Rebekah Vardy was not talking about Coleen Rooney when she called someone
a “nasty b****” in a text to her agent, her lawyer has said.
Vardy, 39, is suing Rooney, 35, for libel after she publicly accused her of leaking stories about her private life to The Sun.
The wife of former England star Wayne Rooney carried out a months-long “sting operation” in which she posted fake stories on her personal Instagram page in a bid to catch out the culprit – earning the nickname “Wagatha Christie”.
She eventually pointed the finger at Vardy, the wife of Leicester City striker Jamie, who denies the allegations.
At the beginning of a preliminary hearing yesterday, the High Court heard that WhatsApp messages between Vardy and her agent Caroline Watt had been disclosed to Rooney’s legal team.
Mrs Rooney’s barrister David Sherborne claimed that “abusive” messages were sent about her – including one in which Mrs Vardy referred to someone as a “nasty b****”.
But Vardy’s barrister, Hugh Tomlinson QC, disputed the accusation today, saying: “This is not a passage about Mrs Rooney, it is a passage about someone else.”
Mr Tomlinson previously said the messages that supposedly reveal that Vardy and Ms Watt are responsible for the leaking were “selective” and left out parts of the exchanges which showed the opposite.
The barrister quoted messages from Vardy to Ms Watt in which she said she was “offended” that Rooney thought she was disclosing her personal information.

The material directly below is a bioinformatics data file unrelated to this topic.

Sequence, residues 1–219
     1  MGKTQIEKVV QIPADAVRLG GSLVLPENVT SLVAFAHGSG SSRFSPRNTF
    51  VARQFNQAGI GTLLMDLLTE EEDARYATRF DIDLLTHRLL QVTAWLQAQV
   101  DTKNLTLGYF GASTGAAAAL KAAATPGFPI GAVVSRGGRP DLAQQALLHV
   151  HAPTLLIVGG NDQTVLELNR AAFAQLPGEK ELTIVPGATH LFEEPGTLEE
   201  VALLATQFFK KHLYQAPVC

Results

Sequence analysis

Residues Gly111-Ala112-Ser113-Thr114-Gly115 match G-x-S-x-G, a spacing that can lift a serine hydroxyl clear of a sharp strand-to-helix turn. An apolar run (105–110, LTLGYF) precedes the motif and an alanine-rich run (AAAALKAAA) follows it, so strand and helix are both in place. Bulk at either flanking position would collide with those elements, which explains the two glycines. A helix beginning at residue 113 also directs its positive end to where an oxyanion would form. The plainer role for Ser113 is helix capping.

He added: “If one reads these messages in full, what one sees is that Mrs Vardy expresses shock at being accused and she is here communicating with the person that Mr Sherborne says is her co-conspirator.
“These are obviously candid personal messages, and if she was really concerned – ‘Oh, this is terrible, we have been found out’ – then it would have been completely different.”
Rooney is bringing a claim against Ms Watt for misuse of private information and is asking for it to be joined to the libel case.
Rooney’s team asked for further information from the WhatsApp messages between Vardy and Ms Watt – but Ms Watt said she lost her phone.
Shortly after the last hearing, Ms Watt’s phone fell into the sea after a boat she was on hit a wave, the court was told.
“[It was] most unfortunate, because it was only a short time after the court ordered that the phone should be specifically searched,” Mr Sherborne said.
Vardy’s barrister said: “That is what happened. Mrs Vardy was not present when that happened. She (Ms Watt) was on holiday, she lost her phone.”
Vardy’s lawyers have opposed the application to add the claim against Ms Watt to the libel case.
“If the defendant had genuinely wished to bring a misuse of private information claim against Ms Watt in order to vindicate her rights this claim could have been brought 15 months ago,” Mr Tomlinson said.
Ms Watt’s representative, Ian Helme, also opposed the application, saying his client has given “clear and consistent” denials against the allegations.
The trial is expected to start in early May but is likely to be delayed.